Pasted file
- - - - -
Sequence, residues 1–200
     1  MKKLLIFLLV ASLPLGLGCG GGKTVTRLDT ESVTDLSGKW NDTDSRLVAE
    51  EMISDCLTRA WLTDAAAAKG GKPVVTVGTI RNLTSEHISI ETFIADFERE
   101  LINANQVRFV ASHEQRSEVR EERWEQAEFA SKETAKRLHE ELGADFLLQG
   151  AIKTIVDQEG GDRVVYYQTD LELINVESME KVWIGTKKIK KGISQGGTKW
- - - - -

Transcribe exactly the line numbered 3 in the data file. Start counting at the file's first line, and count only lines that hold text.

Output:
    51  EMISDCLTRA WLTDAAAAKG GKPVVTVGTI RNLTSEHISI ETFIADFERE